“Do you want to know why I don’t use Twitter?”
“I don’t have time to read hundreds and hundreds of tweets.”
Stop right there. When was it stated that to use social media effectively you had to consume every bit of it?
Let’s take a second to think about this – literally one second.
In that one second, 6,000 tweets were published on Twitter. That’s nearly 360,000 tweets in an hour. This equals 500 million tweets per day. Which comes to a grand total of just about 200 billion tweets per year.
And you’re under the assumption that you’re supposed to read everything on your feed in order to use it properly?
Granted, your actual feed would contain far fewer than 200 billion tweets, because you don’t follow every Twitter account, but never has there been an expectation to read every single message on a platform.
What really perplexes me is where this ridiculous standard came from: you don’t read every friend’s Facebook posts, or watch every new YouTube video (despite how hilarious your friend’s cat may be). So why would Twitter be any different?
In fact, to show how equally ridiculous it would be to meet the same expectation on YouTube, there are 300 hours of video uploaded to YouTube every minute.
So that’s 6,000 tweets and 300 hours of content every minute across just two social platforms, since you started reading this article.
But for some reason, platforms like YouTube though equally as impressive when it comes to content generation are not under the same scrutiny as fast-moving Twitter. Why?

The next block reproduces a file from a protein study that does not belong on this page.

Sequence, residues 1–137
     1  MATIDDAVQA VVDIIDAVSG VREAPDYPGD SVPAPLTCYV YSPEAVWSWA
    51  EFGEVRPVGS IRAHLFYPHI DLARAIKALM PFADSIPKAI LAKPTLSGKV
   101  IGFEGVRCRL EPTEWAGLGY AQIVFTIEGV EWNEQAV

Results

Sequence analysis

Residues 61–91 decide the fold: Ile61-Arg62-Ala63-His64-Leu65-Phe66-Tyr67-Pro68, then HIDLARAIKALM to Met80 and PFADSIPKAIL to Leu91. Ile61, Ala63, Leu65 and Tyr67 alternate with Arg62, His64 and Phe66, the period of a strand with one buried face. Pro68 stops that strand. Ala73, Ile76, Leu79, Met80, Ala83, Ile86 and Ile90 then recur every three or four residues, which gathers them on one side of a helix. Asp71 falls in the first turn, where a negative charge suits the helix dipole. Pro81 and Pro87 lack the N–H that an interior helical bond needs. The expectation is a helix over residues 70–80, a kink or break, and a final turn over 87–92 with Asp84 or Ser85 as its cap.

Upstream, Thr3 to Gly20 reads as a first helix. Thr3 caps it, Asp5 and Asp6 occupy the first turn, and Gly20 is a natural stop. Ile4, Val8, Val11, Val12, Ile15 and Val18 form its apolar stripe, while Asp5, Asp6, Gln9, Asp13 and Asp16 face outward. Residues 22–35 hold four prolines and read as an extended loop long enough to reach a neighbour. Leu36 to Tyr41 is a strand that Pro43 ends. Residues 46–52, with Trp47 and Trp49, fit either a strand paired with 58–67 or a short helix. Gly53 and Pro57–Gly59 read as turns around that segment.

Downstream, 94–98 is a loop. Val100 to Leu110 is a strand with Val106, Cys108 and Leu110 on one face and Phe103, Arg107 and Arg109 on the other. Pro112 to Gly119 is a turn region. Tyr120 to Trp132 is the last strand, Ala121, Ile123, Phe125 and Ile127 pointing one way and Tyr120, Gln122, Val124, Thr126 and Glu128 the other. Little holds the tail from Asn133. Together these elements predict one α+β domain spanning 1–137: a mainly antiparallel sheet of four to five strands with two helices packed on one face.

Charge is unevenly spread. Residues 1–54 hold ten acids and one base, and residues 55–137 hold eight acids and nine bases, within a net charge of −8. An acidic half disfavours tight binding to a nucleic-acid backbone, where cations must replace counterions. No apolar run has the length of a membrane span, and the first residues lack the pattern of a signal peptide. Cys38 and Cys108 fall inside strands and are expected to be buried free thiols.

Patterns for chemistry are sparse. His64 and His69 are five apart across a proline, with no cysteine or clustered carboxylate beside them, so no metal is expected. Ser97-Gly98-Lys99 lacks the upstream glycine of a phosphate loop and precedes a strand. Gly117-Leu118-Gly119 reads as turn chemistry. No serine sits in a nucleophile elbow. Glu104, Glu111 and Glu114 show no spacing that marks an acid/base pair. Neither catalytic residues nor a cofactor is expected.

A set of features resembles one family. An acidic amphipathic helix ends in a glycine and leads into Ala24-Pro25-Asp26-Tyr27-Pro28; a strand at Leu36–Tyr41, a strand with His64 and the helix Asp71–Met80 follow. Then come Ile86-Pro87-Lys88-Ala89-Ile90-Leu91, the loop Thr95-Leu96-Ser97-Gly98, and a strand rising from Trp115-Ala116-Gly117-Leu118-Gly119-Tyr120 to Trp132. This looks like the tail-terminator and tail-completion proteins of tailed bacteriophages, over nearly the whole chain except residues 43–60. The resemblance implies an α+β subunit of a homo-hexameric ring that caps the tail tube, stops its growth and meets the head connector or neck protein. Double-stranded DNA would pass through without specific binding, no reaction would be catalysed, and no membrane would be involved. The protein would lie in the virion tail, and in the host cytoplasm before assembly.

In a word, the single biggest dissuader from social media is an individual’s ability to organize information.
Twitter lists are possibly the most under-utilized and useful tool on social media today. They enable you to organize accounts (even if you don’t follow the user) on a large scale. You can have up to 1,000 Twitter lists with as many as 5,000 users in each one. When you have this many at your disposal, you can hone in on some incredibly specific conversation streams to ensure you’re only reading what you want. Some great examples of Twitter lists I use to cut through the chatter include:
- Athletes on Toronto Sports Teams
- Authors I’ve Read
- Recipe Ideas from Mommy Bloggers
- People I’m Thinking of Following But Are Unsure Of Because They Often Use Phrases like ‘YOLO’
It’s best to keep lists like the last one private (another feature of Twitter Lists) so you don’t accidentally offend someone.
Social media has never been about consumption – it’s about sharing. If you’re turned off by the volume of content being published on a particular platform, then you’re judging a book by a cover. And that book may have 6,000 new pages being written each and every minute, but it’s not meant to be read that way. In fact, think of social media more as an incredibly broad magazine than a book: allowing you to jump in and out of content in varying lengths and formats, rather than a single narrative.
Edit: Thank you to all of the people who have told me that they’ll now give Twitter another shot! That was the point of this whole rant, so I hope you find it useful. Happy tweeting – @adamrodricks.